A Nightmare We’ve All Had
I mean waking up in a room where you only have Jaws 2 and Jaws 3-D posters and not an original Jaws poster.
William Safire: 1929-2009
In this file photo, President Bush fruitlessly searches William Safire’s back for an outlet of some kind so he can “jack in and steal somma them brain smarts.”
William Safire, the cunning Republican linguist who pissed off a generation of liberals by providing Spiro Agnew with the phrase “nattering nabobs of negativity,” has died at the inscrutable age of 79. ‘Twas pancreatic cancer that felled the man loved by language fans and Conservatives the world over. Schlock movie buffs probably also remember Safire’s name popping up at the end of Dean Cameron’s hilarious rap segment in the 1990 film classic Rockula (see below).
I’d like to propose the theory right now that William Safire only clung to life in recent years because he sensed Roman Polanski’s impending arrest and yearned to see it first hand. Thus, he kept the Grim Reaper at bay, distracting him with various word origins and crossword puzzles. When Polanski was cuffed in Switzerland earlier today, William Safire finally let go, leaping up into the Reaper’s arms and saying, “Take me home, Daddy!” in a cute little girl voice.
Remember, this is just a theory, not an eye-witness report.
I’m spillin’ a little of my nitrous on the sidewalk for you this evening, William, my dead writin’ homey. You kept it real, you kept it interesting, your eminence and constancy shall be canonized in the annals of history perpetually.
Now, feast on the hottest freestyle ever written from the perspective of a horny (Republican?) teenage vampire:
I bet William F. Buckley was never name-checked in a rap song, that bitch-ass trick mark bitch.
The Cornuzine Interviews: Stuart Fratkin
I used to do a website called Cornuzine. These are the interviews from it.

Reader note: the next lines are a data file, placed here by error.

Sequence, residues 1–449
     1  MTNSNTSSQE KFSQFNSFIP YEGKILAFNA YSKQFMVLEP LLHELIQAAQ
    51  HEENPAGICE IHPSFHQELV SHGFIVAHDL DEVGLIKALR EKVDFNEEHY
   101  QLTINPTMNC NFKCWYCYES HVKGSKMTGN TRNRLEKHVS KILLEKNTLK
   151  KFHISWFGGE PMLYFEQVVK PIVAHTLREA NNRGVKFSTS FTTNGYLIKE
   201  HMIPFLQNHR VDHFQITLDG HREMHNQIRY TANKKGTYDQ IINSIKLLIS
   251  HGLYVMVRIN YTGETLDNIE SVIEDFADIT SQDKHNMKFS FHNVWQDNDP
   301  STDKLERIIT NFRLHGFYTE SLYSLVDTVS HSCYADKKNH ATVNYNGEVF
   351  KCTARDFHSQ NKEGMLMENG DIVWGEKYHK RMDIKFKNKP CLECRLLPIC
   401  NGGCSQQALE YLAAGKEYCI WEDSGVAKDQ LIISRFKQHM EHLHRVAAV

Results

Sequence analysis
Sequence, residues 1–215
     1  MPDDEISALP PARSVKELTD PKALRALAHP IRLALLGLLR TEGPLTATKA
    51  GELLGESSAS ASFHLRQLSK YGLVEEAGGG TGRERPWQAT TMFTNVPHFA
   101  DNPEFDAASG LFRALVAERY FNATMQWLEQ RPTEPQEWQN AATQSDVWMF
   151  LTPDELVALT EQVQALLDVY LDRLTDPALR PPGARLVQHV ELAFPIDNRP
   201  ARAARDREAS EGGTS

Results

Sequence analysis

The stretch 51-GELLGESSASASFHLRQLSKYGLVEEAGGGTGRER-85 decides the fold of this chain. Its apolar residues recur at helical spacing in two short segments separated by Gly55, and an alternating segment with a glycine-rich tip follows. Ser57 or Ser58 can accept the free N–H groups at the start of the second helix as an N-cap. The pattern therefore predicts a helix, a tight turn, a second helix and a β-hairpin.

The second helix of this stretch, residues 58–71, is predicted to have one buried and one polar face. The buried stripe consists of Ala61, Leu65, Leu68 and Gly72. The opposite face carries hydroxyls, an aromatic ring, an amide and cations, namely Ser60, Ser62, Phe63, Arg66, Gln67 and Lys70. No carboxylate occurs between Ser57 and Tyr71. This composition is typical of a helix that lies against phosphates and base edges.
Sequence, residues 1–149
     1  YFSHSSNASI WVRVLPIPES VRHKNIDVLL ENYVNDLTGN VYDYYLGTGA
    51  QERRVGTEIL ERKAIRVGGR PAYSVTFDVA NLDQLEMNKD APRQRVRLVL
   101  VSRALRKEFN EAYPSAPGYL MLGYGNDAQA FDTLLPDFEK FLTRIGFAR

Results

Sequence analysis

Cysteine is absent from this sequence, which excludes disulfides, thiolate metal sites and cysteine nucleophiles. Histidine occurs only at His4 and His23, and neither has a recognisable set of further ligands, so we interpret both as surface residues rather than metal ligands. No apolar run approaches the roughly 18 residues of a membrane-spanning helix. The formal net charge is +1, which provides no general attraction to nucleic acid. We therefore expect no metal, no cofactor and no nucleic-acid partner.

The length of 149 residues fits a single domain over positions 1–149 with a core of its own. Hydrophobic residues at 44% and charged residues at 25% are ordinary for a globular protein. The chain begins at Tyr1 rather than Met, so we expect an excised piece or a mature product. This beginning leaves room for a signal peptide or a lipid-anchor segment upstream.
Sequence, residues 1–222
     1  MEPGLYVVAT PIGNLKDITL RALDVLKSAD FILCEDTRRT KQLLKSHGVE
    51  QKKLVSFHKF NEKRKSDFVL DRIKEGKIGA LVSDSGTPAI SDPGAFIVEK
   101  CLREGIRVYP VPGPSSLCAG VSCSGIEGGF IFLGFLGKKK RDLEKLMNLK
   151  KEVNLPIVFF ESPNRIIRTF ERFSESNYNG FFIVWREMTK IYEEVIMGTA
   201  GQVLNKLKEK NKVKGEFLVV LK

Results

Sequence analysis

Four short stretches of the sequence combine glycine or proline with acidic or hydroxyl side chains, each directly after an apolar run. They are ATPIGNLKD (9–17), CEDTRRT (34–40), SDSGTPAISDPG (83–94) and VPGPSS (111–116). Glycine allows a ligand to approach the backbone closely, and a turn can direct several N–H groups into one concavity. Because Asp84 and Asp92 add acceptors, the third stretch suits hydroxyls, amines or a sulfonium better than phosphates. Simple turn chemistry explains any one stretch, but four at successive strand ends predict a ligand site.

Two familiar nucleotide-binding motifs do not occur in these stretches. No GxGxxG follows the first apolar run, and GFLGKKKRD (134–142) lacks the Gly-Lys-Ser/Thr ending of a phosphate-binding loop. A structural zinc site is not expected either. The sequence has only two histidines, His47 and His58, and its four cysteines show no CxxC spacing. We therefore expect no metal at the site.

I’ve always been a big fan of “Space Ghost: Coast to Coast,” and I attempted to inject some of that “far out” humor into this interview with actor Stuart Fratkin. I’m not sure it worked. Judge for yourself.
STUART FRATKIN SHARES A MOMENT
It’s hard to say what role defined Stuart Fratkin. Was it his turn as the conniving Stiles in Teen Wolf Too? Perhaps his interpretation of Dash in Valet Girls helped to make Fratkin a household name. Personally, I think Stuart’s professional zenith came playing straight man Abe to Dean Cameron’s wild n’ crazy Bo in the syndicated TV gem “They Came From Outer Space,” a tale of two alien brothers from the planet Crouton who crash-land on Earth for Spring Break (although some would argue that Stuart’s two guest shots on “Judging Amy” brought him more attention than that entire series). I recently had a brief conversation with Stuart over lattes at a little out-of-the-way coffee shop just east of Hamburg. Here is the transcript of that faithful meeting.
JAMES GREENE, JR: Tell me a little about your company P-Wing Productions. What exactly do you do? When did it start? Has it been your main gig as of late?
STUART FRATKIN: P-Wing Productions was born out of the necessity to have a tax shelter when I started doing steady work. I started it in 1989 right before “Outer Space.” It was very popular in the late 80’s for actors to have production companies so they wouldn’t have to pay as much in taxes. The tax laws have changed since then.
JG2: And the name?
SF: At the time, Dean Cameron and I were big fans of the Mario Bros. games and played them endlessly in Canada while we were shooting Ski School. There was a prize in Mario 3 called a P-Wing. If Mario attained it, he got to fly through the level untouched. I liked what it meant and stood for.